A few days ago, the aroma of chapatti attracted me to Zipporah’s house.
‘Please give us some.” I asked Zipporah as I stood at her doorway.
“Today is not a good day for handouts Mama Nyakundi,” Zipporah replied pretending to be concerned. “If you had come yesterday, I would have given you ugali and sukuma.”
“Please,” I begged.
“No!” Zipporah shook her head. “Not chapatti and chicken. Come the day after tomorrow, I will be cooking maize and beans.” She gently pushed Mama Nyakundi out of the hut. “You should be doing better than me. You have a husband.” She closed the door.
I walked home crying. Sospeter was very angry after I narrated my story.
“Zachariah!” the whisper jogged me back to the present. I rushed to the door.
“My woman,” Sospeter chuckled. “One day you are going to break a leg.” I almost choked with laughter.
Zachariah appeared on the doorway, looked at me, raised his eyebrows, shook his head in wonder and turned to Zipporah, who was looking at me.
Zipporah was drenching wet. “Do you mean I will not have good sleep now?” Zachariah was irritated.
“I am sorry,” she whispered. “I am sorry; I will marry you! Please bring me the water.”
“Sore throoooat!” I shouted, tapping my throat lightly.
Zipporah turned and threw her hands in the air. “Can’t you see we are having a serious conversation here?”
The many wooden windows that were closed when the rain started pouring opened again. Eager eyes watched from behind them.
“You tricked me into giving you that hut.” Zachariah was fed up. “Now I cannot throw you out because every time I try, you shout, ‘ Help! Thief! Thief! Murderer! Killer! Attacker!’ The same insults everyday… speaking of which, don’t you have a dictionary from which you can find new names to call me?” Zachariah disappeared into the house.
Zipporah turned to me. I walked up to the clay pot and asked her to help me push it to her hut. We pushed and pulled and managed to reach her door.
“Wait!” she turned and whispered. “Zachariah!”
She took two steps towards his house. “Zachariah!”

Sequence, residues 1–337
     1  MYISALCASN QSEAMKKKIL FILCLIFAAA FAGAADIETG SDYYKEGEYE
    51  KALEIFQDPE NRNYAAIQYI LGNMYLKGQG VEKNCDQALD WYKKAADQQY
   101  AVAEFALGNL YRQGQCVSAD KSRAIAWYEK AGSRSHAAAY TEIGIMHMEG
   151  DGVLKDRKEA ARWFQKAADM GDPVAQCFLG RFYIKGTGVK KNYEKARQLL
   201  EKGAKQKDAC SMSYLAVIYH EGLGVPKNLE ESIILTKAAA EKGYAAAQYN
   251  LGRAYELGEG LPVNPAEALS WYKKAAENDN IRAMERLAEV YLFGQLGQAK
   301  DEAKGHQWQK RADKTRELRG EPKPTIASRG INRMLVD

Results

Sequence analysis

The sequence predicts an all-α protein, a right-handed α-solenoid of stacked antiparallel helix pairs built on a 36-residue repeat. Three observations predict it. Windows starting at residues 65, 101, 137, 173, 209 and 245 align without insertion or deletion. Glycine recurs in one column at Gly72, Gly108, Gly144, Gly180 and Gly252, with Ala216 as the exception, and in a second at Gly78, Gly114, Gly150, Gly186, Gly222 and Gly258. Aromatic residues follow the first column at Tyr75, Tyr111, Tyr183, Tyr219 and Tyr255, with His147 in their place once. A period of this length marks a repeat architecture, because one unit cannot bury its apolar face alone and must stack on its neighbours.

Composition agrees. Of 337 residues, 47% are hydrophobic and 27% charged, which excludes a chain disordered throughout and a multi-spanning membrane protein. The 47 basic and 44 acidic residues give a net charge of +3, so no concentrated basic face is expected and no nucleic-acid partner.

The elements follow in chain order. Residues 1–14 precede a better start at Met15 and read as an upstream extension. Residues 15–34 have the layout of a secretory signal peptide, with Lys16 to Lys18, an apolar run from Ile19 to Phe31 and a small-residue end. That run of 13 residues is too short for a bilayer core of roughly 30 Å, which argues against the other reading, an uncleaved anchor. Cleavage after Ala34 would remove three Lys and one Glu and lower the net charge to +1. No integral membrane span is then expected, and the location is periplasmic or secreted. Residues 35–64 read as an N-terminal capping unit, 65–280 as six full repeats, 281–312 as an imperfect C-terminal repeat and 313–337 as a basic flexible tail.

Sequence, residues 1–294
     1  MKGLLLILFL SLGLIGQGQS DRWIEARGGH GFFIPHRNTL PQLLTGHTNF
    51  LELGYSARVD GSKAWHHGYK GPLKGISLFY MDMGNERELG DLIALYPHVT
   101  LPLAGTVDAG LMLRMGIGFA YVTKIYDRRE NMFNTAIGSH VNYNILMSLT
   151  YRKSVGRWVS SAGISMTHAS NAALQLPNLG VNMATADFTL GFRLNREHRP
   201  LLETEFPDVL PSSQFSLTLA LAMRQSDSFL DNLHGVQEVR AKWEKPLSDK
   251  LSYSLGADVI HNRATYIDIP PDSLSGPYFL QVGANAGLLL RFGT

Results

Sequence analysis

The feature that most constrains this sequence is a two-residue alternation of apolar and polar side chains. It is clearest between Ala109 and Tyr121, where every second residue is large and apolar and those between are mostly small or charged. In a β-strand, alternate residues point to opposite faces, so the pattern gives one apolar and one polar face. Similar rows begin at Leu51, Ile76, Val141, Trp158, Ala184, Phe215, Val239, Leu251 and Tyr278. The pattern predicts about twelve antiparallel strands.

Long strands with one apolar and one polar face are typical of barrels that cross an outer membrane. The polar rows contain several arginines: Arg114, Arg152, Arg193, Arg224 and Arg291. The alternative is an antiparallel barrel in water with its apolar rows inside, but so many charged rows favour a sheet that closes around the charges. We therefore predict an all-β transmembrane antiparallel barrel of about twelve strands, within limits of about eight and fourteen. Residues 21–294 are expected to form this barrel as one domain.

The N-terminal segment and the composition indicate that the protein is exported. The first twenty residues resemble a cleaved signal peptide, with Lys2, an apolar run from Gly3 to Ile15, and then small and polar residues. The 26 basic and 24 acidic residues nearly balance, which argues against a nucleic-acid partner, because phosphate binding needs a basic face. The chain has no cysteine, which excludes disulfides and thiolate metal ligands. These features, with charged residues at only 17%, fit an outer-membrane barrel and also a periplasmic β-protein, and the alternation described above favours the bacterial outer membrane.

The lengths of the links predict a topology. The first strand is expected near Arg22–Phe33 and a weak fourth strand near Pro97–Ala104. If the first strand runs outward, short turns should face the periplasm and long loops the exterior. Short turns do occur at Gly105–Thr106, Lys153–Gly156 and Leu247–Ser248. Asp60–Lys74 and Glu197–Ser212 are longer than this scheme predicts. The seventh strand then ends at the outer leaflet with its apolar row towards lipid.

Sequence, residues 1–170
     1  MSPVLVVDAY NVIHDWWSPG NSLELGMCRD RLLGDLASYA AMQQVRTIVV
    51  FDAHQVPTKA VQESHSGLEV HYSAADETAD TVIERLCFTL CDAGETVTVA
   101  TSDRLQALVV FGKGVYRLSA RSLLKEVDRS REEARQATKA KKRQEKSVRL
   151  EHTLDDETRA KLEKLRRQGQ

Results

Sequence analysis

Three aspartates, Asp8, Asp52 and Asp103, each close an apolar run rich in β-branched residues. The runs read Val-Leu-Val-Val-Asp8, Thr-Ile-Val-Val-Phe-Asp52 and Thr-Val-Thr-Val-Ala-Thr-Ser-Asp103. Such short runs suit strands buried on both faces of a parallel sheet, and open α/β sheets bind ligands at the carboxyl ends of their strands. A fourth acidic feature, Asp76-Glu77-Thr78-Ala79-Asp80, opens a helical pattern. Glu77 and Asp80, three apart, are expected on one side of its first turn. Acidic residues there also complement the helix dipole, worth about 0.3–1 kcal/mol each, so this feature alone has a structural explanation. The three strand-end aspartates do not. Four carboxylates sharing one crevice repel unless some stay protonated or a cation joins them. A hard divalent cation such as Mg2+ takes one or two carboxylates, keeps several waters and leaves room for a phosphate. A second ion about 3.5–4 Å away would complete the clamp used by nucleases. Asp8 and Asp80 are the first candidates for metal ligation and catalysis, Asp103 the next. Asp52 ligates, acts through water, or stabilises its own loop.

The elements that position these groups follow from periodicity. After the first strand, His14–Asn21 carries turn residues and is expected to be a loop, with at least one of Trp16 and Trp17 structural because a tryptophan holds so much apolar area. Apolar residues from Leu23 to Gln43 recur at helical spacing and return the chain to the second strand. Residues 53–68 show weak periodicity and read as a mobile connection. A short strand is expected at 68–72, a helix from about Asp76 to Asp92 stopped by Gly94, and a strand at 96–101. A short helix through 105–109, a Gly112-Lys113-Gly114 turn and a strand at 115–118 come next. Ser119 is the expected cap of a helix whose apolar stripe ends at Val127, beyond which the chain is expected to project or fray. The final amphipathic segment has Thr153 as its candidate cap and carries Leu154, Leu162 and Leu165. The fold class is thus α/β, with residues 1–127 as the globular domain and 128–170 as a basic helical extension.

“Can we get this clay pot into the house first?” I was impatient and hungry.
“I wanted him to come and help us.” Zipporah explained.
“You cannot have men doing everything for you Zipporah.” I whispered.
She lifted one side and I the other. I lifted with all my might and banged it against the door frame. The clay pot broke. “Sorry, sorry, sorry, sorry!” I whispered as Zipporah sat on the floor and sobbed. I walked to the fireplace, then left.
“Sospeter!” I laughed as I entered our hut. “I had my revenge. I broke her clay pot.”
Sospeter grinned. “I knew when you rushed to help her, things were not going to end well.
“Look.” I showed Sospeter what I was holding. “I stole this from her.”
“We will need a hammer to break that,” Sospeter touched the hard chapatti and laughed loudly.
I showed him the dark brown chicken. “My goodness,” he said, “I wonder how many times she reheated it. Preserving food for four days is not easy.”
“Another advantage of rain.” I sat next to Sospeter. “Free food from lazy people. I hope she gets another clay pot so that I can help her carry it to her house, the day she cooks chapatti and chicken.
“Zachariah!” She whispered, “Do you have an extra clay pot?”
I knew we were going to get free food soon.
Berina Ogega is a writer of fictional short stories. She also loves hiking, knitting, reading and cooking.She is based in Nairobi, Kenya.Berina is also working on her first book which will come out soon.
Berina’s greatest passion is trying to bring back hope and humour to people who have already lost it.This comes out clearly in the above story which intersperses folksy humour with witty outlook on life.
For further reading of such witty anecdotes,visit her blog at www.berinaberrry.wordpress.com